Approach SEO as acquisition.
According to Smith, most big companies became very successful by being extremely aggressive with their growth. “Airbnb used Craigslist early on to tap into a broader market. Pinterests emails all your Facebook friends telling them you followed them when you didn’t. Linkedin makes it easy to accidentally send invitations to your entire contact list. The most successful companies are also extremely aggressive — with email marketing, paid advertising and referrals — but not SEO,” says Smith. “In the past, SEO success favored the most aggressive companies. After Google Panda or Penguin, success favors companies those that take a steady long term approach to growth. Be aggressive with SEO in the sense that you want to deploy resources to work on it in the first place, but don’t do too much too fast that’s not in your actual strategy.”
In the age of mobile, most will claim that websites aren’t important anymore or that SEO is dead. “The truth is that, when used as an acquisition vehicle, SEO is more effective now than it ever has been. In fact, other than gaming apps, the most successful apps, like Pinterest, Yelp, and Houzz, use web SEO as their main app acquisition channel,” says Smith. “Most SEO visitors come to a site, look at a couple pages, then leave. It’s easy to dismiss these passerby users as not valuable. The goal is to get SEO visitors to come back. Whether it’s by getting someone to register, use an engaging feature or download the app. When viewed as an acquisition channel, SEO can be one of the most impactful channels to drive long term lifetime value.”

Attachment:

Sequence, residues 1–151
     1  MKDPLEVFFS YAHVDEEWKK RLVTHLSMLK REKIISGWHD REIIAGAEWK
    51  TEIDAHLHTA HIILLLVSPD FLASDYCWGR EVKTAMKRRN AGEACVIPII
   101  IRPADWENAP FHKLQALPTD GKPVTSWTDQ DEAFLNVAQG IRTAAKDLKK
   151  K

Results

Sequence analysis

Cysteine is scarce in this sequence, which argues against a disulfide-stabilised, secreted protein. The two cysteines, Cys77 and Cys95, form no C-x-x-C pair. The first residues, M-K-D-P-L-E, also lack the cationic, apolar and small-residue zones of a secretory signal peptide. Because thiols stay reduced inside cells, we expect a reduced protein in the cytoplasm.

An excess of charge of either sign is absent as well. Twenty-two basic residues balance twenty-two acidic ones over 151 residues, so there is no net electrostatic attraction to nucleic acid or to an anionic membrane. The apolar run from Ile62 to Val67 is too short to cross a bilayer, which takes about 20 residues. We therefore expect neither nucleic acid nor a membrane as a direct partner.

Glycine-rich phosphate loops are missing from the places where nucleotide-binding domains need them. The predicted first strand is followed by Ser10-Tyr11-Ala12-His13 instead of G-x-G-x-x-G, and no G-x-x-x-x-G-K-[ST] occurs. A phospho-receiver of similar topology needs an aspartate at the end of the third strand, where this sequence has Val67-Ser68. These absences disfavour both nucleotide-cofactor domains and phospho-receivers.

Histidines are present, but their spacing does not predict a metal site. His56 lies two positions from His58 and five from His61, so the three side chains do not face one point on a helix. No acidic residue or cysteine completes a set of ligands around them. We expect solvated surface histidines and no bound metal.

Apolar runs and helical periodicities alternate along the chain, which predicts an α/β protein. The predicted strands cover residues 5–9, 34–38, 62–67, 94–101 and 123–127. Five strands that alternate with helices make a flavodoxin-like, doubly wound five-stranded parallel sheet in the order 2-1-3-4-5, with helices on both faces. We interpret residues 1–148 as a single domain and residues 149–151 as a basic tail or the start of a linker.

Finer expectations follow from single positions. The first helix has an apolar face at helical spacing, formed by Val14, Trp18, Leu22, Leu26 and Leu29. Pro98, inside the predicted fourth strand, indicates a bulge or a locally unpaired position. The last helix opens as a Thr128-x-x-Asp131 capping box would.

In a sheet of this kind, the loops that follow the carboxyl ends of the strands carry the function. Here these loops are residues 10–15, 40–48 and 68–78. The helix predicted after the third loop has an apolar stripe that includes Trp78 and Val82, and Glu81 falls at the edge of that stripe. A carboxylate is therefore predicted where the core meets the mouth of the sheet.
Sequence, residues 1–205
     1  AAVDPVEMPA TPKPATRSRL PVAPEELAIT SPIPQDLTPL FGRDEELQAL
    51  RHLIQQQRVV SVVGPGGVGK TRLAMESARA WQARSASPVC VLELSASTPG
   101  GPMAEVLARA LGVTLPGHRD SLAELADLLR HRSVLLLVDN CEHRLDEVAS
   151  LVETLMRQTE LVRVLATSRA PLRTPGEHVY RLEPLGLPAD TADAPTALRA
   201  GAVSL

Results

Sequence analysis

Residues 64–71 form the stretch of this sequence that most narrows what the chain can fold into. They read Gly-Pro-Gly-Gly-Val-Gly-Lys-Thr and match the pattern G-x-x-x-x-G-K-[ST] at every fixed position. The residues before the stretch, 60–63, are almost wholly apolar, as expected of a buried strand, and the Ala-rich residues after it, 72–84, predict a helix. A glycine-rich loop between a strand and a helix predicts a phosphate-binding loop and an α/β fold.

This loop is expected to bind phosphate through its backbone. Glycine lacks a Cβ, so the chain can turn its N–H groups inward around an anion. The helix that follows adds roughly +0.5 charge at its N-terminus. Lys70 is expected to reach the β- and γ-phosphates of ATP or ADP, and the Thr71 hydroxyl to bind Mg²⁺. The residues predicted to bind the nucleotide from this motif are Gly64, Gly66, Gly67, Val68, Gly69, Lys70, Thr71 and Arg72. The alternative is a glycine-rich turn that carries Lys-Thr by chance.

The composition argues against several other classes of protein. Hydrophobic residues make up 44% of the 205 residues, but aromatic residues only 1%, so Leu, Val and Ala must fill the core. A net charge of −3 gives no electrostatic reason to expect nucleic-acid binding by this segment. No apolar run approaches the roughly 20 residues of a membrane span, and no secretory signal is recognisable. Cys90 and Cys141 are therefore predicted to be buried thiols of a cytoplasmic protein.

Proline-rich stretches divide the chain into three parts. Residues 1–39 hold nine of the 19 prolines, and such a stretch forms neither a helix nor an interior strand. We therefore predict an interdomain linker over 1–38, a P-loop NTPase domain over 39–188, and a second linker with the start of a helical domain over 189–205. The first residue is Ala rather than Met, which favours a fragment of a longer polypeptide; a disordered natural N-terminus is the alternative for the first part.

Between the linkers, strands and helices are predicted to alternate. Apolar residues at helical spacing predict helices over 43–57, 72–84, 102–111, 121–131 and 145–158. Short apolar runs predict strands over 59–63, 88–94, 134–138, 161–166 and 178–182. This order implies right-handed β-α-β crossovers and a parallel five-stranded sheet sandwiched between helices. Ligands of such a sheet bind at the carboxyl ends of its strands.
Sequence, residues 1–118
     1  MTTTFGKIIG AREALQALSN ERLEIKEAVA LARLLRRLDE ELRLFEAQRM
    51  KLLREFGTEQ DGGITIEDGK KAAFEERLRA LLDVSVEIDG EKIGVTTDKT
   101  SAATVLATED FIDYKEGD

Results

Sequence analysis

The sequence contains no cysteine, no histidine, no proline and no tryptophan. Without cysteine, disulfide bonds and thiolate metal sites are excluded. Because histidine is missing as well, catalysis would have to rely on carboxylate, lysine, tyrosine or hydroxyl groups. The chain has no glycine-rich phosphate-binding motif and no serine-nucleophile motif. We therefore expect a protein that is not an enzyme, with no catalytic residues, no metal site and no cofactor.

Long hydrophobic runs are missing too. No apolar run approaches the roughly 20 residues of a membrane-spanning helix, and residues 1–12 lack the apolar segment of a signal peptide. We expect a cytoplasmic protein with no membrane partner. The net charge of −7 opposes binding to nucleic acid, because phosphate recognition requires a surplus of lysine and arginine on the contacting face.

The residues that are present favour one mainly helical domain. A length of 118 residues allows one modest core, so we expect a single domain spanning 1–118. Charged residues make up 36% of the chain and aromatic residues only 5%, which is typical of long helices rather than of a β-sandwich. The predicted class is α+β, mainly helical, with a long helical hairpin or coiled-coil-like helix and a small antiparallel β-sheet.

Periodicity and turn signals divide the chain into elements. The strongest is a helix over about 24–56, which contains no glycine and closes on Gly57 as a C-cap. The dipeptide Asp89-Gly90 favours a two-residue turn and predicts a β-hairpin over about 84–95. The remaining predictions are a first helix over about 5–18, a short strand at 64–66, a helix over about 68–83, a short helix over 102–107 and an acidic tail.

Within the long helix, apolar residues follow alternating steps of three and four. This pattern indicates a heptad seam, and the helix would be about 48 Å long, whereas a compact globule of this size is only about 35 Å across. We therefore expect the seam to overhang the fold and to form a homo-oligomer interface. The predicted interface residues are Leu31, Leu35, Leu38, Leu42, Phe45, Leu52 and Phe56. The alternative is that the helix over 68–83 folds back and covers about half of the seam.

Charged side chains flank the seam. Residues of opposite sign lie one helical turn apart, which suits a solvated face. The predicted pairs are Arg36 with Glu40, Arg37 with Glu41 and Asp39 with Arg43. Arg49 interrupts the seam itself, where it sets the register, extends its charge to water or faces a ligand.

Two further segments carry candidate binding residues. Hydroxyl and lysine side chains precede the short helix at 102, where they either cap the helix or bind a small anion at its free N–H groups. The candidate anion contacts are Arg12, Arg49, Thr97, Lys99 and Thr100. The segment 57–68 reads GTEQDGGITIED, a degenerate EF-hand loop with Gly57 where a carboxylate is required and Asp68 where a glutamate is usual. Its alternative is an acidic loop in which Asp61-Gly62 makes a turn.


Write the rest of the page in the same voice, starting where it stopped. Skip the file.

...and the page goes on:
With SEO, you can never be 100% confident. But once you know that, you’re more likely to be good at it.
THE SEO TEAM YOU (THINK YOU) NEED
The first mistake you might make — especially as a startup — is thinking that you need a team or person dedicated to SEO from the get-go. “Your SEO strategy and roadmap might come from someone you have in-house, but it’s as likely that it will — and probably should — come from a consultant or advisor,” says Smith. “At Wize, we turned the corner when our consultant, Leo Haryono, gave me his initial recipe, which I took and built from. I know I could have eventually come to the same result, but calling him in helped us shortcut that learning process.”